Mandatory address transformation: getting through the address mess with AI

Anyone who has ever sent a letter abroad knows that address formats can sometimes differ significantly. While in Germany an address usually follows the scheme

Street – House number – Postal code – Place of residence,

in France, the house number is usually placed in front of the street name. Things get really complicated when, for example, instead of a neighbouring country, the letter is sent to Asia, where completely different structures are used. Or take the USA: the United States Postal Service requires more than 200 pages to describe how US addresses may look – which formats and abbreviations are permissible and which are not.

Financial institutions also address countless parties around the world in payment transactions every day. The reason for this is that for payments outside the European Economic Area (EEA), the payer's address must be given and the recipient should also be indicated for smooth processing. This serves to enable the necessary checks, for example with regard to money laundering and fraud prevention.

The enormous diversity of address formats worldwide was not a major factor up until now. Because addresses are specified in an unstructured manner. Within the payment file simple fields in which the address is supplied as free text, the address lines (AdrLine), are available for this purpose. Only the name must be specified separately.

SEPA 2.0 puts an end to this. Because in the future, address data must be delivered in a structured form – for all SEPA payment formats. The changes will come into force gradually as of November 2023. From November 2025 at the latest, address data for SEPA credit transfers may only be delivered in structured form. And the challenges are not purely European: Swift and other market infrastructures have the same deadline. For payments within the EEA, the provision of address data remains voluntary. However, if banks decide to provide it, this must also be done in a structured way.

This means: in future, every component of an address must be included in the designated field. The Payment Markets Practice Group lists a total of 14 characteristics that can be assigned to a postal address.

The example shown in the figure is simple. Because everyone in Germany knows that 9 is the house number and Wiesenweg is the street name. Converting this data into the new format takes only a few seconds – provided that the application has the corresponding option.

But even then, the transformation would be a massive undertaking. Because financial institutions are sitting on millions of address data records that have to be transformed. And such simple addresses are the exception. If one estimates the required activities, a simple calculation quickly yields an effort of up to 250,000 working hours for an average financial institution with 500,000 corporate customers. In addition, there is the expense of training to equip staff with the necessary expert knowledge of the worldwide address formats.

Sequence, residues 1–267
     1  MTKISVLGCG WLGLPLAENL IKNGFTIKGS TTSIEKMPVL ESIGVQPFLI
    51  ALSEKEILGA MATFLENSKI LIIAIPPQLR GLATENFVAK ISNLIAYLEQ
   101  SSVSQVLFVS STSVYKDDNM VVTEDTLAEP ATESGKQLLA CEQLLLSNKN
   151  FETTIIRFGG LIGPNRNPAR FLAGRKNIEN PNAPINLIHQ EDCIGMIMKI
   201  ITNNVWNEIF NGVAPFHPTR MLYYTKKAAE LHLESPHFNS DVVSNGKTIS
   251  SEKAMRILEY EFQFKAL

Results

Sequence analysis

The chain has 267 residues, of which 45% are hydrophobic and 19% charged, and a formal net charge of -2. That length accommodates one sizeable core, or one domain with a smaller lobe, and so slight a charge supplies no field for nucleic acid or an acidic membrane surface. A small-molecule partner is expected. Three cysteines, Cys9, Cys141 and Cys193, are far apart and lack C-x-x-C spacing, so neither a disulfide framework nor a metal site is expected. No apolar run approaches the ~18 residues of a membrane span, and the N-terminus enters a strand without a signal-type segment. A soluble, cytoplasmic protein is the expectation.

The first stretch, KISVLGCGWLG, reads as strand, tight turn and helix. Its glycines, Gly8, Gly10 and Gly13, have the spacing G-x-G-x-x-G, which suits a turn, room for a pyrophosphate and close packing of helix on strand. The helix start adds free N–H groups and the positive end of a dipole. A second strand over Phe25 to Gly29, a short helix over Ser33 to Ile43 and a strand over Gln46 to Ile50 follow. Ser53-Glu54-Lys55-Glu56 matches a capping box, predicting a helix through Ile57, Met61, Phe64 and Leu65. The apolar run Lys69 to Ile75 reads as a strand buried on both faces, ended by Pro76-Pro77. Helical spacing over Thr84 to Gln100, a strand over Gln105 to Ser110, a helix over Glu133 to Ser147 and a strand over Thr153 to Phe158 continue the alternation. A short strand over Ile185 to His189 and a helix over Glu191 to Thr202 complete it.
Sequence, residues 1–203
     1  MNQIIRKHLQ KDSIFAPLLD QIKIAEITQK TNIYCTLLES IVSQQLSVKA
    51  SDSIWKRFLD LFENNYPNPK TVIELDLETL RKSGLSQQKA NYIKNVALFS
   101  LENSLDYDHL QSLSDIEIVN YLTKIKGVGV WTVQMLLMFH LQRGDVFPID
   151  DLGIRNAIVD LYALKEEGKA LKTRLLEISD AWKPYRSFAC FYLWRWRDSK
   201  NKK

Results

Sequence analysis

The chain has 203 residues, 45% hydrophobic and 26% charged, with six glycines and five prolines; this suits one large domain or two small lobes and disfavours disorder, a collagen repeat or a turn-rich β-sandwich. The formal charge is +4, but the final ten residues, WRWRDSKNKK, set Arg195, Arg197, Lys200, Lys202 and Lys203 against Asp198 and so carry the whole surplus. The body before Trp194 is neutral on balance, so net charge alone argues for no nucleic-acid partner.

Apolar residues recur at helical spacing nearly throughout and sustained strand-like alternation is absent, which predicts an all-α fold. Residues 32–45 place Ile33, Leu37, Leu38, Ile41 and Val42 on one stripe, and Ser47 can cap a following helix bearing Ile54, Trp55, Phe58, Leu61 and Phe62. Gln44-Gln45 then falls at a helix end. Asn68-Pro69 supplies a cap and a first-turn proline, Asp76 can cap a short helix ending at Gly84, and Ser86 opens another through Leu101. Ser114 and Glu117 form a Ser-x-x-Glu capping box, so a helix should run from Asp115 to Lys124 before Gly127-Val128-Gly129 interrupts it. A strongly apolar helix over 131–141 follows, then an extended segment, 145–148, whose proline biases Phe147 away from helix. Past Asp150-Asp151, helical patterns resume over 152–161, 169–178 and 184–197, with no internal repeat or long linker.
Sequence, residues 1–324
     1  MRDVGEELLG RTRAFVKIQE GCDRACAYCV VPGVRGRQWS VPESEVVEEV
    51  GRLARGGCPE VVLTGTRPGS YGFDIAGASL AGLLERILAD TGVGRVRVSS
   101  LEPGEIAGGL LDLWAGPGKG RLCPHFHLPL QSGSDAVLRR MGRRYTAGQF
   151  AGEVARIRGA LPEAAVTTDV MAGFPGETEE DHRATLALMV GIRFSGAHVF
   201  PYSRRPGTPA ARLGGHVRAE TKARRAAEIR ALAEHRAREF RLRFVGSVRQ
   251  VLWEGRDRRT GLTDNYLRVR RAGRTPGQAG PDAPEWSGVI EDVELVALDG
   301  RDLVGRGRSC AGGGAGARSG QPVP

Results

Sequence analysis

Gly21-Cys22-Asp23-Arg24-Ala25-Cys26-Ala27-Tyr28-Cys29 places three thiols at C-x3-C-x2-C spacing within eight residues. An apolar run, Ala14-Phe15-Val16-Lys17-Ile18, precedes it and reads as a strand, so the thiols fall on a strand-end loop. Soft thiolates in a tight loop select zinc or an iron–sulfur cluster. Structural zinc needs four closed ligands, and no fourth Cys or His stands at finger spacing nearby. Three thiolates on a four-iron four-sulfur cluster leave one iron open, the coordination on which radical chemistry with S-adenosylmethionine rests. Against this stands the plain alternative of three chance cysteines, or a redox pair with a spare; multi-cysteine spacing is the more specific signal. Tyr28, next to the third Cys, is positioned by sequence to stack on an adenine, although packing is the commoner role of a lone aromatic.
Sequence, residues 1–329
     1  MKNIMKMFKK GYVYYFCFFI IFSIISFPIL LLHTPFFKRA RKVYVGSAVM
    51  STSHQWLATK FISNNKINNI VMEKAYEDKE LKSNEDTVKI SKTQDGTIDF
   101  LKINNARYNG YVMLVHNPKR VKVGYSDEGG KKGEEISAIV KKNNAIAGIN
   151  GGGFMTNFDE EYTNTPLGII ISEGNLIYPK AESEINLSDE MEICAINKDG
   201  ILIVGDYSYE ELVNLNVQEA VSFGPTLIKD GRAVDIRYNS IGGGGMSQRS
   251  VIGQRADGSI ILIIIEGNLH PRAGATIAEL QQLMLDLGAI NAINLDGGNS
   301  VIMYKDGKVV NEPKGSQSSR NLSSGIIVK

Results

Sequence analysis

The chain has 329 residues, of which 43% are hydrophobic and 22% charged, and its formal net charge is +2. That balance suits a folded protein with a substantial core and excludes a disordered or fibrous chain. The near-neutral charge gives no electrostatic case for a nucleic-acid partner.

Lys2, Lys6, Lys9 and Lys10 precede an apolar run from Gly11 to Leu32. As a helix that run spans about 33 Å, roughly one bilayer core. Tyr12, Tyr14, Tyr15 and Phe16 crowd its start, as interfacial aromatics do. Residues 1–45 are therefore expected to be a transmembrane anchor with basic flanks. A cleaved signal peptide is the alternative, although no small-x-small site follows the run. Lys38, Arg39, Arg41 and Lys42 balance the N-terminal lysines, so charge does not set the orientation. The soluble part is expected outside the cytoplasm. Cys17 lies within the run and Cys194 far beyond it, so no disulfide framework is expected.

In view of the scope, efficient approaches to solutions are therefore required. Regular expressions are out of the question in this case. As shown above with the example of the USA, the possibilities of address data even within one country are manifold and do not follow a regular structure. In addition, countless test data would be necessary.

Another option is address data services, for example from Google. However, those are not only expensive, but also questionable from a data protection point of view. Moreover, such services are often limited to certain regions or even countries.

An application based on artificial intelligence (AI) can provide a remedy. This allows data to be automatically transferred into the necessary structure. The AI is able to recognise structures on the basis of predefined training data and to transfer these structures to further cases.

We at PPI are happy to help financial institutions prepare and implement the transformation of address data. This includes the selection and adaptation of the appropriate AI application as well as the choice of the necessary training and test data.

In the end, the institutions receive a powerful and reliable solution from which not only they themselves benefit. Because corporate customers will also have to supply address data in a structured form in the future. Financial institutions that take the necessary transformation off companies' hands can gain a tangible competitive advantage.

Author: Eng.D. Thomas Stuht, Product Manager at PPI


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